Etymology
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servant (n.)

c. 1200, servaunt, "male or female personal or domestic attendant, one owing duty of service to a master or lord, one employed by another and subject to his orders," from Old French servant "servant; foot-soldier," noun use of servant "serving, waiting," present participle of servir "to attend, wait upon" (see serve (v.)).

From early 14c. as "a slave," also used of bees. In North American colonies and in U.S., it was the usual designation for "slave" 17c.-18c. (in 14c.-15c. and later in Biblical translations the word often was used to render Latin servus, Greek doulos "slave").

Also in Middle English "professed lover, one devoted to the service of a lady" (mid-14c.).  In 14c.-16c. sometimes confused with sergeant.  Public servant is attested from 1670s. Wyclif (late 14c.) has servauntesse "female slave, maidservant, handmaiden."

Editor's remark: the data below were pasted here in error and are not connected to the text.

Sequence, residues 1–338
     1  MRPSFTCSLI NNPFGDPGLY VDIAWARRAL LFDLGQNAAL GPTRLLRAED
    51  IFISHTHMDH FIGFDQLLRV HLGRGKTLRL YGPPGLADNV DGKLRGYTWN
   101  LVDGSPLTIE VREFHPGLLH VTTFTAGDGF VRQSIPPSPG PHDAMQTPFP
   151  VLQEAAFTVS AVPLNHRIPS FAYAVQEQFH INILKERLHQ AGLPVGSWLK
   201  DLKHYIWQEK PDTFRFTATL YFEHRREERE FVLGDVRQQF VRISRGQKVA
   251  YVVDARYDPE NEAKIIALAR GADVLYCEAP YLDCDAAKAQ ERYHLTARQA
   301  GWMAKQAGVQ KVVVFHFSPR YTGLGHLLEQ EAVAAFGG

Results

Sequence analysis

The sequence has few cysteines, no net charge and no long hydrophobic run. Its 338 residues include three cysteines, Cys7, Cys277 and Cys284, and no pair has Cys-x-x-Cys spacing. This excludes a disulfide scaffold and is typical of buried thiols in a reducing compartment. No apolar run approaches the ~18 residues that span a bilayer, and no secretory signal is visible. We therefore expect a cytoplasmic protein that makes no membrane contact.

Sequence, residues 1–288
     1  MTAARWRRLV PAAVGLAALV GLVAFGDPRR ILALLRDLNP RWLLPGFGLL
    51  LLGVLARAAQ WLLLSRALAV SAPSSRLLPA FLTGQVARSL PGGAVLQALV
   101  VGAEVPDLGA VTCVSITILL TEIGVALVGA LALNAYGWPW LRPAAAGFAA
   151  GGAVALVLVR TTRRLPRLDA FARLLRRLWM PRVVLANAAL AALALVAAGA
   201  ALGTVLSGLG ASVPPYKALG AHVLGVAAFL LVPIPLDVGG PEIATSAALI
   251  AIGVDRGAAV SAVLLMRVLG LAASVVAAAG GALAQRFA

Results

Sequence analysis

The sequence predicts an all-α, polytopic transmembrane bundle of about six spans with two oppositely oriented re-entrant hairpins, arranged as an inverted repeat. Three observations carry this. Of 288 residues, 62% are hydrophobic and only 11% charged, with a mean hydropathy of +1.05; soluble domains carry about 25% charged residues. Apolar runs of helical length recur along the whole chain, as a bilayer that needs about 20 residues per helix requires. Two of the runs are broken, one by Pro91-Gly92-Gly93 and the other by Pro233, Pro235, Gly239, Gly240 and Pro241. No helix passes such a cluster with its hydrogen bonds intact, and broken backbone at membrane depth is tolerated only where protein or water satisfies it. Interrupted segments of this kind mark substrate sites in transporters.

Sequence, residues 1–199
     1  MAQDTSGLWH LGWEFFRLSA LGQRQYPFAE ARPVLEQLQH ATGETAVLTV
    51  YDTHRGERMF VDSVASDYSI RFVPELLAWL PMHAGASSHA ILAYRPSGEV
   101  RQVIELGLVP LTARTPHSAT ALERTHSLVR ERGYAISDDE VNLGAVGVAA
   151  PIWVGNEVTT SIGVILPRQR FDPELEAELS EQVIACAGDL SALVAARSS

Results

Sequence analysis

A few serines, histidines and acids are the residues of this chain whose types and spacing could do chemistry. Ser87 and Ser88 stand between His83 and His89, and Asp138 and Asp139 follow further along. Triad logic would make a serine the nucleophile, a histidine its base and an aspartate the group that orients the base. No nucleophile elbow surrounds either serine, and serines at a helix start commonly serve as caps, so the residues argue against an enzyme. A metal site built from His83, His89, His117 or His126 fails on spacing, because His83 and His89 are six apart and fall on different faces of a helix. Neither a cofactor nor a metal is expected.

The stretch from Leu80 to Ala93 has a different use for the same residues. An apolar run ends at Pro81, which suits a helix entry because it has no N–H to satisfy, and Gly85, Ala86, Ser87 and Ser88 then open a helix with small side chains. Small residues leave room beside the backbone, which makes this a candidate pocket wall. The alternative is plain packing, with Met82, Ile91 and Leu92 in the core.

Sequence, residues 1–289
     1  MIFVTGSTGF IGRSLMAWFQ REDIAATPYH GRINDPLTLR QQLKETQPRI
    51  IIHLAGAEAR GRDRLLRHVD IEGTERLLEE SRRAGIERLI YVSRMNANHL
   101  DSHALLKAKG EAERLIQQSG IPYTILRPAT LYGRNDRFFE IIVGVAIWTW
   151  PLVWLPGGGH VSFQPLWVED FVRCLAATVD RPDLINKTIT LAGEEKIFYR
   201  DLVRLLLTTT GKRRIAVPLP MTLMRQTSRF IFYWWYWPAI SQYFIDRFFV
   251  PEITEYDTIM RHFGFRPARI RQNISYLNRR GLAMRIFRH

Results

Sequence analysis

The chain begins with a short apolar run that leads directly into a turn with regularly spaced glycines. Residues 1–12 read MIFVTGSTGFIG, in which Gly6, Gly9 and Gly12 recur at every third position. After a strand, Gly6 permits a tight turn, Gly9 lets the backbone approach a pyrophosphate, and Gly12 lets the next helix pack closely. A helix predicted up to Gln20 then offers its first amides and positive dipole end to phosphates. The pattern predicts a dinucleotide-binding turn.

updated on May 31, 2022

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Definitions of servant from WordNet

servant (n.)
a person working in the service of another (especially in the household);
Synonyms: retainer
servant (n.)
in a subordinate position;
the state cannot be a servant of the church
Synonyms: handmaid / handmaiden
From wordnet.princeton.edu, not affiliated with etymonline.